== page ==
General Election 2019: What To Expect In Scotland

Scotland is an interesting battleground, full of key marginal seats. Source: Flickr, Tom Donald.

Scotland is heavily comprised of marginals seats, out of the 59 seats, around a quarter of those were won by fewer than a thousand votes in 2017. It is therefore a key battleground for all of the major parties making it an area that could determine the overall result of the General Election.

Key Battlegrounds:

North East Fife:

The smallest majority of any constituency in the last century with only 2 votes separating the Lib Dems and the SNP. The Conservatives are also not far behind, only being 3,500 votes behind the SNP. It is this seat that could symbolise the election narrative of Scotland. Whether this election becomes a proxy referendum on Brexit or on Scottish independence, it ought to favour the SNP. Support for independence has risen since 2017. However, like in other parts of the UK, if the Remain issue becomes prevalent in this particular seat, and potentially more, it could open the door for the Tories to take the seat. Previously in 2015 the SNP held a 4000 majority over the Lib Dems, with the reduction of its majority to simply 2 votes, it highlighted the wider weakening of the SNPs stranglehold over Scotland. The North East Fife constituency is certainly the most interesting seat in the whole of Scotland. The seat exemplifies the closeness of the election in Scotland, and how parties can claim seats by only the barest of margins.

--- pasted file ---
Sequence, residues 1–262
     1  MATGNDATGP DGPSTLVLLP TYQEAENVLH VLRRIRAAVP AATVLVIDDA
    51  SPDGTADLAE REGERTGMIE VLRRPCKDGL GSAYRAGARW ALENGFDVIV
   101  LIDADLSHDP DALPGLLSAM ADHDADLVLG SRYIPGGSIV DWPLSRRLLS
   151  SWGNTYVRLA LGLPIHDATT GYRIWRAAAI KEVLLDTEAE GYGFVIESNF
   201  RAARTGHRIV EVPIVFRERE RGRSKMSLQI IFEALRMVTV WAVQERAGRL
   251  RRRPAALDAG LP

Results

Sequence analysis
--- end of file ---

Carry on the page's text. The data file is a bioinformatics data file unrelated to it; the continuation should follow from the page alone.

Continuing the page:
Gordon, a rural seat, in Aberdeenshire, is another fascinating seat in Scotland. In 2015 it was held by the Ex Leader of the SNP Alex Salmond, but in 2017 a massive 29% swing for the Tories, the largest swing for the party across the whole of the UK, meant they gained it from the SNP, with a 2000 majority. This seat is the best example of the Tories picking up rural Scottish seats that are sympathetic supporters of Scotland remaining in the UK. Gordon in the 2014 Independence Referendum voted around 60% for No. It is in this seat that the SNP’s new proposals for ‘IndyRef2’ may be unpopular, and it could be reflected at the ballot box. It is these sorts of rural constituency’s that the Conservatives need to hold onto to keep a foothold north of the border in Scotland, in order to secure a majority in Westminster. The battle, therefore, will not just be kept in the confines of ‘Leave vs Remain’ but also ‘Independence vs the Union’. The Tories will hope their Unionist stance will help carry them over the line in tight marginals like Gordon.